Clara wrote:I have 720v 24w system with 2300Kw inverter, this is fairly new and replaces a system that was cobbled together over 20years (which we have retained and will be using elsewhere in the future). Before we had a dual voltage system with 12v lighting. Since the conversion we have changed all that to 230v (and we can now see eachother across the dining table!).
Dual system here as well: 12V and a 110V (through an inverter [1200 W], obviously). did you have trouble with 12V lighting? We use that.. (must say there's some kind of..er.. transformer?.. build in in each individual light"bulb". I'm not sure how to describe it or how it works. Anyway, we never have troubles with the lights not being bright enough.
Clara wrote:In terms of usage, we are still monitoring to learn what we can get away with, though to give you an idea we are using 230v lights (mostly with energy efficient bulbs), laptop and wi-fi, tv and dvd player and washing machine (though the water is not heated by the PV system, it feeds in from the solar hot water tank via the cold feed). The previous owner had converted a small chest freezer into a fridge (using a thermostat and a switch) and used that during the day during the summer with the old much lower powered system. We have not felt the need to keep a fridge running, since we mainly eat veggie and find that the pantry works just fine even in the heat of the summer. so we are thinking about converting it back to a freezer as this would be useful to help us with preserving our harvests.
Why did you choose NOT to have a dual system anymore? I'd say getting the lights to work on 12 volt, well , in your case 24V, instead of 230v is saving you a lot of electricity, right?
Washing machine on generator, here. Also without heating.
Water is warmed in the normal piping/plumbing by the sun, no need for a solar hot water tank even! (Caribbean...). It gets really hot during the day (and we do not have cold water to add, hehehe).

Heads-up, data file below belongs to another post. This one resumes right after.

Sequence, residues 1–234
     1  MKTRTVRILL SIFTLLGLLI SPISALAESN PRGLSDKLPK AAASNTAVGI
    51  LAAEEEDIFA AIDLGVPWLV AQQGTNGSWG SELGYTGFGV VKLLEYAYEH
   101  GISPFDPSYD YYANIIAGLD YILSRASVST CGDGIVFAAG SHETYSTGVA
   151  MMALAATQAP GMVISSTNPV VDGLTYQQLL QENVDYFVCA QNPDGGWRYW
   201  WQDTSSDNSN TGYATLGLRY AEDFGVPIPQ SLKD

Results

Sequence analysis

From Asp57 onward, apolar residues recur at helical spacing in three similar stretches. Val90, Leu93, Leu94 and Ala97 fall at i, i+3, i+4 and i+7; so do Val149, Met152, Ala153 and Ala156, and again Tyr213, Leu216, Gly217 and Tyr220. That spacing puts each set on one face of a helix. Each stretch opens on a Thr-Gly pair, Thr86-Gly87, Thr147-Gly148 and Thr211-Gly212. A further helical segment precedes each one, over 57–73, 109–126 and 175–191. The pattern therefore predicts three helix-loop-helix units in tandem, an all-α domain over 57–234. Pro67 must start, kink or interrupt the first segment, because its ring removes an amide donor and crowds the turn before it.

Fridge on gas (not very environmentally friendly, actually).
Clara wrote:We expect and get a lot of sunlight days per year, though being in the mountains it can get cloudy for days at a time. With the old system, that wasnÂ´t meeting our needs at all, we would run out of power sometimes in the winter, this is disasterous for the batteries. We have learnt a lot since we started living like this and would never allow that to happen again, but we now have the option to charge the batteries from a generator in extended periods of little sun (not brilliant for the environment in one way, but better for preserving the life span of the batteries to only use the top 30% of their capacity)
same here. hardly ever have to do that, though..again: Caribbean..
Clara wrote:Phew, that was a ramble, but do ask anything else you would like to know about the practicalities of living off-grid....IÂ´m not too technically minded, but I do tend to retain bits of information!
I know about it
. I'm just very curious what other people's experiences are, especially as I want to promote
solar energy as much as possible, and the more I now about it (including experiences of other people), the better I can do that.
Clara wrote:BTW IÂ´m a Brit, IÂ´ve lived here for just over 2 years.
don't know why, but I figured you were probably not a native of Spain. So, how do you like it? What made you decide to move to Spain?